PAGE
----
The Southern Ground Hornbill

We were lucky enough to see these rare Ground Hornbills, one of the more striking large birds in the bush. They move around in small groups scouting for prey such as lizards, insects and snakes and their distinct call reach over 4 km in distance. Ground Hornbills live long and only reach sexual maturity at 6 years. The flocks are usually of 4 to 9 birds. The dominant pair mate (for life) while the rest contribute to nesting and defend the territory as a cooperative group. Breeding depends on rainfall and the availability of large nesting sites. These are becoming scarcer due to logging, wood collecting and elephant damage. They generally only successfully raise one chick every 6 years so the species are quite endangered.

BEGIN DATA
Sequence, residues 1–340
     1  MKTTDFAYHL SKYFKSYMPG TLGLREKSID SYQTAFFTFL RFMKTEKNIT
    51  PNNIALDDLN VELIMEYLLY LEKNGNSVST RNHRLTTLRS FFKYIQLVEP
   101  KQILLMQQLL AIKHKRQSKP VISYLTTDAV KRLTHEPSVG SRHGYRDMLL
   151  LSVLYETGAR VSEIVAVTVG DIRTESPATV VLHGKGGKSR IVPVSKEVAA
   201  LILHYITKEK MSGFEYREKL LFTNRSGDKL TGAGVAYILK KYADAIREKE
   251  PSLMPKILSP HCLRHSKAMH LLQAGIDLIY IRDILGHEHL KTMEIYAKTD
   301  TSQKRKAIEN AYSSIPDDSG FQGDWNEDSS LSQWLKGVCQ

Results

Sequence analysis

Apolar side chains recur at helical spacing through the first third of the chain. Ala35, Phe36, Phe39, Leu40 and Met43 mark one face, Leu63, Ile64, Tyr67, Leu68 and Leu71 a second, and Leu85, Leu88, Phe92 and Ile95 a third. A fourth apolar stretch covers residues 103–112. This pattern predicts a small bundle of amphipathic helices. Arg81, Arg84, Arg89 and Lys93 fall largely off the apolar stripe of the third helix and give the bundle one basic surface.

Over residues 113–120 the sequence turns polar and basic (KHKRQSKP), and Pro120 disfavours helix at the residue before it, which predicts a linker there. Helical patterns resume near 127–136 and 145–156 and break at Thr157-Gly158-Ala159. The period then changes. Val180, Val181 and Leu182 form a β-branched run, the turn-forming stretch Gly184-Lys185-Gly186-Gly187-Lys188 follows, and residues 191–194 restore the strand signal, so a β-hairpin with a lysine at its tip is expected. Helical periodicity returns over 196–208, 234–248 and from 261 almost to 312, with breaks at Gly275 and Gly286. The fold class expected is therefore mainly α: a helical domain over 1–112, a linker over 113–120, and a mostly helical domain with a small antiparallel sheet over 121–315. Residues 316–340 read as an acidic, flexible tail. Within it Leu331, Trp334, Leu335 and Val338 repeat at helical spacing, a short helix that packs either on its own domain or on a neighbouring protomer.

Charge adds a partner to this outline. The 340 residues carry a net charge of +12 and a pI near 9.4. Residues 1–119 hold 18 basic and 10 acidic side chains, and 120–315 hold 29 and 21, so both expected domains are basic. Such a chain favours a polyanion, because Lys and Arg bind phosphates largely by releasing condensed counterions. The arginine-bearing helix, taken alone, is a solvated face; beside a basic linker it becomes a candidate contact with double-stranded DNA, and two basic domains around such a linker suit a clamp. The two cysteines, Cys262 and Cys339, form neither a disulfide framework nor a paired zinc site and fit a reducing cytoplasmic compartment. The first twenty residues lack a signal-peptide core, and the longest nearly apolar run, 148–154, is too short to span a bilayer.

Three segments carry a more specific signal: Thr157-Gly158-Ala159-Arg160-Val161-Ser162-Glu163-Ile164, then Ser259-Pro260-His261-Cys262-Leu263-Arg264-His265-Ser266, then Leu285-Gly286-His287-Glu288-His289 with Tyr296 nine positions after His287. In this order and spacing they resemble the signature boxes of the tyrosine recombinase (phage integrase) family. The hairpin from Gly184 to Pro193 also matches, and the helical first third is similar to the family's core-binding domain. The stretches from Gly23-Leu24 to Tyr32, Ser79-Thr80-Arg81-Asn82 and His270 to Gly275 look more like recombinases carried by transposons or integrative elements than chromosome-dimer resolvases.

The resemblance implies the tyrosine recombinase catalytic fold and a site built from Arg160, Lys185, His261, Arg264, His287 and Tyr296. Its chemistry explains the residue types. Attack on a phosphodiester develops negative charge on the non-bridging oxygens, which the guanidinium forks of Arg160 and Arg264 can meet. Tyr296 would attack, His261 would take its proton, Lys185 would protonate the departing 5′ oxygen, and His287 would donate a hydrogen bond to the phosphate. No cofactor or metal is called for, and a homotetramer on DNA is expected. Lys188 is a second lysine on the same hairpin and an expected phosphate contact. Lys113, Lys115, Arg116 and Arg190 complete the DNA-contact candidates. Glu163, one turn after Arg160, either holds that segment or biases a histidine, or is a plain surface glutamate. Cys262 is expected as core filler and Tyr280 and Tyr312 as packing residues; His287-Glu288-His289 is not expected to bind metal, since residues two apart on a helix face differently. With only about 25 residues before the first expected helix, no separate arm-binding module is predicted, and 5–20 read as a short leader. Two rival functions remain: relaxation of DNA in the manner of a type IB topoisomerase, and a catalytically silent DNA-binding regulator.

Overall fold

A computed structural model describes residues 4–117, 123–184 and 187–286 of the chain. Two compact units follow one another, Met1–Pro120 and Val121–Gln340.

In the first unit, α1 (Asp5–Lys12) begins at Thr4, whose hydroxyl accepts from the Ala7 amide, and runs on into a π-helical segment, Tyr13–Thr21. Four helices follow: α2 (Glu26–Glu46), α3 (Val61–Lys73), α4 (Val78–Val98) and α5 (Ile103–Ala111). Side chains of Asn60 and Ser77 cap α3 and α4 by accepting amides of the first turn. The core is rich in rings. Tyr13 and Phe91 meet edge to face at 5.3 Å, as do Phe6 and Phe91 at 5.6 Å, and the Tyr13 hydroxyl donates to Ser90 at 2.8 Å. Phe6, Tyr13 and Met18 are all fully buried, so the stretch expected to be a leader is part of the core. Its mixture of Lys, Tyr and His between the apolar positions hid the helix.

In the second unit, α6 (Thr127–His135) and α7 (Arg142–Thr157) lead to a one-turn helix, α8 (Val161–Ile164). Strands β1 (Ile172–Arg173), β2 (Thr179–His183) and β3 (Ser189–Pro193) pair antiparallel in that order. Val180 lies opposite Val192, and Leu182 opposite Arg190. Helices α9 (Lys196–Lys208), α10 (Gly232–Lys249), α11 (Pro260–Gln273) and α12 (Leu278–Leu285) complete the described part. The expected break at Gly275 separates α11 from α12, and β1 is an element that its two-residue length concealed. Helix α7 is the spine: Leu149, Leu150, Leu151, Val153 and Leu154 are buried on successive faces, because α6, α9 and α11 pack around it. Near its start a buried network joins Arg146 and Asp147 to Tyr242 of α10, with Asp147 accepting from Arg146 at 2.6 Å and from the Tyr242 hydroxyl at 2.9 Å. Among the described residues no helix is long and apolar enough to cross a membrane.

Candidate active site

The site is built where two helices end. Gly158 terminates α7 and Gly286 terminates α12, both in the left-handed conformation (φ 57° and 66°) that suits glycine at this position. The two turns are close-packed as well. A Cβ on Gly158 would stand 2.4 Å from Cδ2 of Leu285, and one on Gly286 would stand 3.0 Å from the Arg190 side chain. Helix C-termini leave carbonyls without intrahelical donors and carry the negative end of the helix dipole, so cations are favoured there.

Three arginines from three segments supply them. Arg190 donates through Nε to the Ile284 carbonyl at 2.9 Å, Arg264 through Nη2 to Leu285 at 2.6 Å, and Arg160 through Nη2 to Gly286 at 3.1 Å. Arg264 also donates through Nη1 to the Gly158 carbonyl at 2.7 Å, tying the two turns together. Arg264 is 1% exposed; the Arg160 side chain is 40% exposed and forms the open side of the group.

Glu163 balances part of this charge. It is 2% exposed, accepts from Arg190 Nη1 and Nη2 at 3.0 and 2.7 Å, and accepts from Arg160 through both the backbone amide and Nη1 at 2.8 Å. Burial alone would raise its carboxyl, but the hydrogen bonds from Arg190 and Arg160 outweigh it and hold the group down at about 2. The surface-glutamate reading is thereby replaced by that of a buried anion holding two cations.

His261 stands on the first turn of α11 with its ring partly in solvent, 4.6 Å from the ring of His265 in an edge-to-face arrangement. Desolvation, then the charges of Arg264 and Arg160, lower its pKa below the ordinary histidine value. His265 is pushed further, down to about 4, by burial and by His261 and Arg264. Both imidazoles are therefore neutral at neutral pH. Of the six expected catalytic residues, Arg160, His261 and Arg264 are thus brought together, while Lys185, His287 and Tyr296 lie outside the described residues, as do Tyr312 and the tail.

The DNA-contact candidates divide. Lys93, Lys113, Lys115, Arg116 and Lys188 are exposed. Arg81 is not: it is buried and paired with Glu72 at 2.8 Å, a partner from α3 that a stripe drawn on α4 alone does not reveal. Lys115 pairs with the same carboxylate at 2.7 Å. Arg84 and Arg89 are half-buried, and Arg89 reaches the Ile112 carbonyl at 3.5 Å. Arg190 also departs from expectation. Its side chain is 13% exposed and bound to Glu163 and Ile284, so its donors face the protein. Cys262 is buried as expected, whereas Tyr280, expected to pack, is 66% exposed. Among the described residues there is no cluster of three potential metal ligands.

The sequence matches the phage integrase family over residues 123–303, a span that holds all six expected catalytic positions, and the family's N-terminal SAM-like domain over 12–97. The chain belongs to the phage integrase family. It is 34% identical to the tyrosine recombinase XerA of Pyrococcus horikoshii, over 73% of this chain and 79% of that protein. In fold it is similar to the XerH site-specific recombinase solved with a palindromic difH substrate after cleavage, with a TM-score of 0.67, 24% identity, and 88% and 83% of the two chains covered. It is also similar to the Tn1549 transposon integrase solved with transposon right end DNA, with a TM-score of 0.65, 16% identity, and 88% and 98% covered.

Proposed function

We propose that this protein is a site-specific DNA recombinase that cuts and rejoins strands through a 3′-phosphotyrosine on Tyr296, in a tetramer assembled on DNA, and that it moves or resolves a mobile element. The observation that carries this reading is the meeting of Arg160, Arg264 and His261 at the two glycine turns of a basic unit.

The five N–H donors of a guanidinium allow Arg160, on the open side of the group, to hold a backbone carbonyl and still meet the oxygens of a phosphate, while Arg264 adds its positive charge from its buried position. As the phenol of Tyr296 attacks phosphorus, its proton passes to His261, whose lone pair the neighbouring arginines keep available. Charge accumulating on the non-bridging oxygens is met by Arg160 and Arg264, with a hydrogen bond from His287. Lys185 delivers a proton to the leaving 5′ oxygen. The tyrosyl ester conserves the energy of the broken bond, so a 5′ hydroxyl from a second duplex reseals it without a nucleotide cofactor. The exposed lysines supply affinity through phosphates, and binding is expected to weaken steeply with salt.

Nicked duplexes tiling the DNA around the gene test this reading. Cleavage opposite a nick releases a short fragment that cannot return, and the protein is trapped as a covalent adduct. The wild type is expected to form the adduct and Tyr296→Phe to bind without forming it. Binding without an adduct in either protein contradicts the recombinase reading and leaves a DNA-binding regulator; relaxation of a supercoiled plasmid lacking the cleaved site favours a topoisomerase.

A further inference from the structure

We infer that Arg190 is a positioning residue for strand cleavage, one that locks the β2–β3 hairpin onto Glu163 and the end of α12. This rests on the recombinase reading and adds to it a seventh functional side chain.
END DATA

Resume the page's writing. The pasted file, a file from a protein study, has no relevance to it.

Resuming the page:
Apart from their striking looks, they are best known for their call. Their Afrikaans name is Bromvoël or ‘booming’ bird. According to Roberts’ Birds of Southern Africa, bird A will call ‘du du dududu’ and bird B will reply ‘hu hu huhu’’….but if you really want to know watch this. Incidentally, the 2008 pocket sized Roberts Bird Guide of Kruger National Park even has a Ground Hornbill on the cover!